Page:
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Thread: MFC Dialog: How to disable/change the behaviour of the <...> key in a dialog?

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    Join Date
    Dec 2001

    MFC Dialog: How to disable/change the behaviour of the <...> key in a dialog?

    Q: How to disable/change the behaviour of the <...> key in a dialog?

    A: There are several ways of doing it:

    • The easiest way is to simply open the resource editor and set the 'Default button' property of the button which should act as the default one.

    • The correct way of diasabling the <Enter> key in MFC is presented in Paul DiLascias' MSDN C++ Q/A Article Enabling Menus in MFC Apps, Changing the Behavior of Enter with DLGKEYS Sample App.. It boils down to processing the 'DM_GETDEFID' message to return 'DC_HASDEFID' in the high word:

      BEGIN_MESSAGE_MAP(CMyDialog, CDialog)
      LRESULT CMyDialog::OnGetDefID(WPARAM wp, LPARAM lp)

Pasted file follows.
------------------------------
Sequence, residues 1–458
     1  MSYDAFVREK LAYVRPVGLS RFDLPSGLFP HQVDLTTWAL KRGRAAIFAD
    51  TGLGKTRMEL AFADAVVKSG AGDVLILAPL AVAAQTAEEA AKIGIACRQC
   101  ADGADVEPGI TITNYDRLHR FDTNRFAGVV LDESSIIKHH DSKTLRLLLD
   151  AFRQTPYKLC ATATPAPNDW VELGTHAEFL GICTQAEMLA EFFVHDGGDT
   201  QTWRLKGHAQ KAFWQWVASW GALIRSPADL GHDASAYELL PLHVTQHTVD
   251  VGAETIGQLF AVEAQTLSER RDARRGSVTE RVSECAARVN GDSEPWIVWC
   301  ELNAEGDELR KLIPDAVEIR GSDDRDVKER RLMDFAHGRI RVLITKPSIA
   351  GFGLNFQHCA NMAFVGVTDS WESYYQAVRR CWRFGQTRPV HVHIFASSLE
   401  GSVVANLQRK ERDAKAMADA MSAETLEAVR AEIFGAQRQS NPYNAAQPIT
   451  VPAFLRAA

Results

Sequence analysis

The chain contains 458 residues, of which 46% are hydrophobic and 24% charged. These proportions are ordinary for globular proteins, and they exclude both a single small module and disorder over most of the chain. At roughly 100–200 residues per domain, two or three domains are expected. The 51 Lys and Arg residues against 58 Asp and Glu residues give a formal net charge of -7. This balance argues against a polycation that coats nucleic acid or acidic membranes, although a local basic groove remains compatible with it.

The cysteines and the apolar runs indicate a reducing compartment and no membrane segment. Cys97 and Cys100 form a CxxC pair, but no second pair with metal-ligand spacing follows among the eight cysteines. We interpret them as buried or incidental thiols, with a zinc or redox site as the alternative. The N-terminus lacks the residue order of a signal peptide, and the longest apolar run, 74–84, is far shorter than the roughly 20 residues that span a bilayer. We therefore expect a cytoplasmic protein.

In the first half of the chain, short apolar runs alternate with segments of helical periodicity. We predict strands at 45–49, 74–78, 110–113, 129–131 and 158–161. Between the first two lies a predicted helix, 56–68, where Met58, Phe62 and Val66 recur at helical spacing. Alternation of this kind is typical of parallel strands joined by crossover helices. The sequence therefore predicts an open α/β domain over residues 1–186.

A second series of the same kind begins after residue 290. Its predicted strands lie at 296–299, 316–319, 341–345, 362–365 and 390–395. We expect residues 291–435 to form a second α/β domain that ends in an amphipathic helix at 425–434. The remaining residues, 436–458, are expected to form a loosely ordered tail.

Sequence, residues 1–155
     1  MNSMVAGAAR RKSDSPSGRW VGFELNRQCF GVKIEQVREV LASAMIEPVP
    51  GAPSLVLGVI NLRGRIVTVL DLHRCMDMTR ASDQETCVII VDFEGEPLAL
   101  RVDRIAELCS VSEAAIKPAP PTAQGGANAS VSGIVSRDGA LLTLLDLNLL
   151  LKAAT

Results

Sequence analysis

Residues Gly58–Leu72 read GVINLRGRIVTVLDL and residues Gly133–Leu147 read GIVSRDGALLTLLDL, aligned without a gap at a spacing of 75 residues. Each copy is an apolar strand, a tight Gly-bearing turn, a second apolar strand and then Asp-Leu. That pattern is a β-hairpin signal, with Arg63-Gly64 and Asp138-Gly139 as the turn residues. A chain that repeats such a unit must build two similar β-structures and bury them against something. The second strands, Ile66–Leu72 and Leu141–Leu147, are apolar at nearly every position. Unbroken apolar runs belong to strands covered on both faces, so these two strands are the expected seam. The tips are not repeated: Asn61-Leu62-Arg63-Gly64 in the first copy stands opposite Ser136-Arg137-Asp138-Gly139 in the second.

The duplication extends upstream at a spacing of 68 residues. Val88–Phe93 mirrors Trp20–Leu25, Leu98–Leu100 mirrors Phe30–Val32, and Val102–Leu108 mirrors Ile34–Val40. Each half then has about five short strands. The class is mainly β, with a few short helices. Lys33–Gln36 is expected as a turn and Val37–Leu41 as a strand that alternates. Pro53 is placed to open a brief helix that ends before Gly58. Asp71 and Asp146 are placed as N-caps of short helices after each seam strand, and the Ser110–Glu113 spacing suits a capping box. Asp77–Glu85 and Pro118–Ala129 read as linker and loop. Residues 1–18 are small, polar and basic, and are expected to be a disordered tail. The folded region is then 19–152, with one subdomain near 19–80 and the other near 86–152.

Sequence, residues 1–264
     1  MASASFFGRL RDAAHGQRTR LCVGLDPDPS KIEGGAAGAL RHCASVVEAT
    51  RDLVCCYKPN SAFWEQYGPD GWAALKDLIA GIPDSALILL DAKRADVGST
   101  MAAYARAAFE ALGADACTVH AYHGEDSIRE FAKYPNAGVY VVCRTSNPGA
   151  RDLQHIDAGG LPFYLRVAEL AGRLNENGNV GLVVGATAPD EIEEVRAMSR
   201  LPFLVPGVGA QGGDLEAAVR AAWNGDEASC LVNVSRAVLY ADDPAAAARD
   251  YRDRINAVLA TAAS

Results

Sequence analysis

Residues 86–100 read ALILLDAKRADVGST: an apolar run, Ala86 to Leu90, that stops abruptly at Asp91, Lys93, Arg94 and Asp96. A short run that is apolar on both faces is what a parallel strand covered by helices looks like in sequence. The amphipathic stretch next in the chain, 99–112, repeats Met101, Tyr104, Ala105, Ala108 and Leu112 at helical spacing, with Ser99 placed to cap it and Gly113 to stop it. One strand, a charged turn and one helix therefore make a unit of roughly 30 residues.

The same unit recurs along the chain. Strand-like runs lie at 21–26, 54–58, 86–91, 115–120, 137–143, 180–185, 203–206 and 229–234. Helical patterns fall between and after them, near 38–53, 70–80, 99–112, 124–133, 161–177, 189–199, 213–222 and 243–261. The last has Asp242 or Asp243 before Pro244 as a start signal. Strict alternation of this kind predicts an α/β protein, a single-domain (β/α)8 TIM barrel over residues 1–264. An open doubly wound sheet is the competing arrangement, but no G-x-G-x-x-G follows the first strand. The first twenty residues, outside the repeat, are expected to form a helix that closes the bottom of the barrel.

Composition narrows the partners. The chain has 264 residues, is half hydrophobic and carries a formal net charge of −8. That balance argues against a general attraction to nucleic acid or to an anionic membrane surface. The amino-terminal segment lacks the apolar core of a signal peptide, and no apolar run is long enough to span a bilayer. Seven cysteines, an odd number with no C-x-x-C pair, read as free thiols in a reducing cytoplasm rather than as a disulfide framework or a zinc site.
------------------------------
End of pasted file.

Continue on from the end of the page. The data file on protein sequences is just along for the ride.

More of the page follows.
return MAKELONG(0,DC_HASDEFID); 
      The article also discusses how to change the behaviour of <Enter> and other keys, providing a sample application with source code. Please refer to the article for details.

    • Another workaround can be achieved by overriding 'OnOK()':

      void CYourDialog::OnOK(void)
        CWnd* pWnd = GetFocus();
        if(GetDlgItem(IDOK) == pWnd)
        // Enter key was hit -> do whatever you want
      This solution is a quick-fix, because it lacks on generality.

    • Another 'hack' that seems to be very popular (but not recommendable) is overriding 'PreTranslateMessage()':

      BOOL CYourDialog::PreTranslateMessage(MSG* pMsg)
        // ENTER key
        if((pMsg->message == WM_KEYDOWN) && 
           (pMsg->wParam == VK_RETURN))
          // Enter key was hit -> do whatever you want
          return TRUE;
        return CDialog::PreTranslateMessage(pMsg);
      This is a 'hack' because it breaks the modularity of MFC. If you want to change the behaviour of more keys but just <Enter> you will end up with a labyrinth of 'if' statements in the overriden 'PreTranslateMessage()' function. This is ugly, hard to read, hard to maintain and error prone. The MFC way of doing it is presented in detail in DiLascias' Article.

    For further information on the whole topic, take also a look at the article 'Processing Keyboard Messages ' written by Sam Hobbs.

    Last edited by Andreas Masur; July 24th, 2005 at 04:31 PM.

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